|Barked: Tue Oct 5, '10 7:41am PST |
|Edit: For some reason I thought the OP was recent (reading comprehension failure!). Anyway, I'll just leave this here in case anyone else has similar questions about training coonhounds.
Well, I'm about to start competing with my coonhound in AKC rally obedience, and he's been a CGC for years. He heels beautifully, sits, downs, stays, comes when I call (though with a scenthound, you must never EVER have them off-leash in an unfenced area--it does not matter how well-trained, a scenthound's entire purpose for being on this earth is to scent track and run AWAY from the handler, following the scent—for the dog's safety, you can't ever forget what they were bred to do), and does a variety of tricks.
Marlowe is a delight to train and the best dog I've ever had.
For me, the key was learning how to train in a positive way (I use the clicker training method). Forget all the dominance and "making the dog do what you want" and that sort of thing. Coonhounds care about one thing and one thing only: themselves. And that's fine. That's normal. But that doesn't mean that they can't be beautifully behaved, obedient and fun to be around. It just means that you need to motivate them with something other than "Because I said so." Instead, motivate them with all of the following:
- Because I might have something you want!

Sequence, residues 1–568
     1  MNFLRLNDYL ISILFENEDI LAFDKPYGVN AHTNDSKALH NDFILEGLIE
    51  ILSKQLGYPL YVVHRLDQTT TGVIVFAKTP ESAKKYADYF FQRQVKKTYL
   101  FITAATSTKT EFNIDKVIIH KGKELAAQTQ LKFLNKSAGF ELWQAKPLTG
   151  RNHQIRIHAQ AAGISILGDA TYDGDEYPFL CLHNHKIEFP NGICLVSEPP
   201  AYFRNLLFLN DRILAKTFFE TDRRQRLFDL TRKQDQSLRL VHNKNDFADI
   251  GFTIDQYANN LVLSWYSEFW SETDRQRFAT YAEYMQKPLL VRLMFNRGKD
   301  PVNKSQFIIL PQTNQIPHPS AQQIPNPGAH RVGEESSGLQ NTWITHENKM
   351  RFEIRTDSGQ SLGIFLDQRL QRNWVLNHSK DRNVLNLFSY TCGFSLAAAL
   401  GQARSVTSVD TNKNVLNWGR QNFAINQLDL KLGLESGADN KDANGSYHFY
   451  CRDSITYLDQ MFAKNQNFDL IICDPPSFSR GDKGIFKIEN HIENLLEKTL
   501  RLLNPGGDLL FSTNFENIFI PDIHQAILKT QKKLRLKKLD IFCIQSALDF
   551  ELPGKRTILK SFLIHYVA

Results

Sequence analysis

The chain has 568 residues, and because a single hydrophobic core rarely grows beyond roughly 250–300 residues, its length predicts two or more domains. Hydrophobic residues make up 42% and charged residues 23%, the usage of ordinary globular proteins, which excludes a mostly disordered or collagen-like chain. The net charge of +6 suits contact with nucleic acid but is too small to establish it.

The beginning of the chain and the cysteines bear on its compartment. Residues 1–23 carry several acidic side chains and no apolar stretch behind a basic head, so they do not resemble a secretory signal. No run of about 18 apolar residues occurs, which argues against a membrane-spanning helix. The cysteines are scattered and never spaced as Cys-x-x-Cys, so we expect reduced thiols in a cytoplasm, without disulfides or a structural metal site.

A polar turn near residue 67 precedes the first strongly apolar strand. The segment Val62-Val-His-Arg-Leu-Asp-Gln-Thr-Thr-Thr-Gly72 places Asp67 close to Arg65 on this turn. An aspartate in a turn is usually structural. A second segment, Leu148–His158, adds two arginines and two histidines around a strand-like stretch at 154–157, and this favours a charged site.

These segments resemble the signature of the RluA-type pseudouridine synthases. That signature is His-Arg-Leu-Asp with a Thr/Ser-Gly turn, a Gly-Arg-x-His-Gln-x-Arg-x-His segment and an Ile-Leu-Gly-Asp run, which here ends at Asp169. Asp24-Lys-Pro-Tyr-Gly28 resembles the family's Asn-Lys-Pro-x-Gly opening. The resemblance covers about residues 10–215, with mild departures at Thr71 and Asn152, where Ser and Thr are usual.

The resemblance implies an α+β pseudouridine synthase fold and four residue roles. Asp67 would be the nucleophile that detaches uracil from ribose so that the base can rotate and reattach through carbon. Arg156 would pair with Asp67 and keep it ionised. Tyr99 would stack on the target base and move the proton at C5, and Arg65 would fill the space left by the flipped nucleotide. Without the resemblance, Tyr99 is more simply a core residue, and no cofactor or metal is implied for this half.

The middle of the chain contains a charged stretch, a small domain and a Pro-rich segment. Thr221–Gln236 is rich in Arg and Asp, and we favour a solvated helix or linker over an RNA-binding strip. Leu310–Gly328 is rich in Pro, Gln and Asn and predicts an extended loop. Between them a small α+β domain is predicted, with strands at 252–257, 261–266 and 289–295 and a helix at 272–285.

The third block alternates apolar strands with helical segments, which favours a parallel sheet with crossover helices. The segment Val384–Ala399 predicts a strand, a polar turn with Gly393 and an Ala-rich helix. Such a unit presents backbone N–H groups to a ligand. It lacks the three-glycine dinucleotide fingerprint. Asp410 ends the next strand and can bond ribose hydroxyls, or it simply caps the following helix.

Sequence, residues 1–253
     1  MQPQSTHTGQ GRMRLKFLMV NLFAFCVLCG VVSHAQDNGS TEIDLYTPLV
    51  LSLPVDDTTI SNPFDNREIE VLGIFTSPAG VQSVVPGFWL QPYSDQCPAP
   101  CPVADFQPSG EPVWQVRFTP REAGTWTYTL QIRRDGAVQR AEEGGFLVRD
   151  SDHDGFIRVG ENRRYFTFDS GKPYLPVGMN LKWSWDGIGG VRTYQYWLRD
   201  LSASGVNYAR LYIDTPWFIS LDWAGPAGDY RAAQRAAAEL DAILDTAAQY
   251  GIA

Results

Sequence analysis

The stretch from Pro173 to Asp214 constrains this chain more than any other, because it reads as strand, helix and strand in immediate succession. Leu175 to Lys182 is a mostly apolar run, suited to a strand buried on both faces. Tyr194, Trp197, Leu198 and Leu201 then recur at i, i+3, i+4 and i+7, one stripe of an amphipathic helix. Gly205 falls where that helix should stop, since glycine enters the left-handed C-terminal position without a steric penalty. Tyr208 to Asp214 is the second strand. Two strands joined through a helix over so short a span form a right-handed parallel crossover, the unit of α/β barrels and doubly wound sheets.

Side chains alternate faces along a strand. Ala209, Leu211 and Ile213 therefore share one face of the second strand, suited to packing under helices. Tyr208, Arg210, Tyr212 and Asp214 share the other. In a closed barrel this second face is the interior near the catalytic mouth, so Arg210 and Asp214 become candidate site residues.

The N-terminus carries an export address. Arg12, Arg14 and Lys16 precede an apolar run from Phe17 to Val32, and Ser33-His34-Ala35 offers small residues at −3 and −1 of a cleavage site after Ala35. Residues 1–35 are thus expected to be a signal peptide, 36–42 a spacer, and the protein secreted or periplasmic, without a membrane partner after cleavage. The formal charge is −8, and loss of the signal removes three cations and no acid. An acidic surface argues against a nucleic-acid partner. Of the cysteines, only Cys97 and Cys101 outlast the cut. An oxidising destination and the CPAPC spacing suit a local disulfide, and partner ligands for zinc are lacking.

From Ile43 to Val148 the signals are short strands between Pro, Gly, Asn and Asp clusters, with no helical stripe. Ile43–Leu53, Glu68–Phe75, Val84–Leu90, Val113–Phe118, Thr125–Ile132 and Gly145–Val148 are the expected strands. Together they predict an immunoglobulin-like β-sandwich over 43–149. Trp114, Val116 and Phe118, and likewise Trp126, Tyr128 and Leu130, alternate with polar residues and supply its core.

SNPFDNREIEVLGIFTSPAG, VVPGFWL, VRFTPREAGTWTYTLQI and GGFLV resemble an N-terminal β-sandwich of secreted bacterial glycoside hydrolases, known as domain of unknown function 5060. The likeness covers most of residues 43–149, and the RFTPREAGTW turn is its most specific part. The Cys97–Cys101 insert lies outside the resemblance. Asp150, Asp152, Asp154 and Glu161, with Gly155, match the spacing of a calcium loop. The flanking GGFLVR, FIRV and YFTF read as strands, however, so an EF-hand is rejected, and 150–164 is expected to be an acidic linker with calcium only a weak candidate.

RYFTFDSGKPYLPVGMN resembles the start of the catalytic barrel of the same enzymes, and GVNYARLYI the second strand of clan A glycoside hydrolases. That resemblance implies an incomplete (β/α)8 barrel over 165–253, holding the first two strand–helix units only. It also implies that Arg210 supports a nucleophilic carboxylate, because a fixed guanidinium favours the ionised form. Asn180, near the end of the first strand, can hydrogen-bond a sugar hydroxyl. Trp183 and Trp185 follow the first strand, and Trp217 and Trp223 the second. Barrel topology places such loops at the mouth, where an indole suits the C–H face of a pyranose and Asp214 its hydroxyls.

- Because I've never, ever given you a reason to mistrust or fear me.
- Because I probably know where the good smells are!
- Because I'm unpredictable and fun to be around!
- Because I know a good game to play!
- Food, food, food, food, food, food, food
In that way, Marlowe and I have a harmonious relationship. He does something for me, I do something for him. He has something I want (good behaviour), I have something he wants (a treat, a game, a toy, opposable thumbs that can open doors, access to sofas that are very soft and nice to sleep on).
To train a hound, you must forget what people tell you about them being stupid or untrainable. Be patient, positive, fun, understand where they are coming from and what they were bred for, and use their natural selfishness in your favour. Never hit, never yell (they're very sensitive and will just ignore you if you get angry), always offer a "paycheck" for a job well-done.
Because of hound breed stereotypes, when you do wind up with a gorgeously-behaved, polite, happy coonhound, everyone will be even more impressed than if you did the same thing with another breed. People will think you're a training genius, even though it's really not that difficult!
Edited by author Tue Oct 5, '10 7:43am PST
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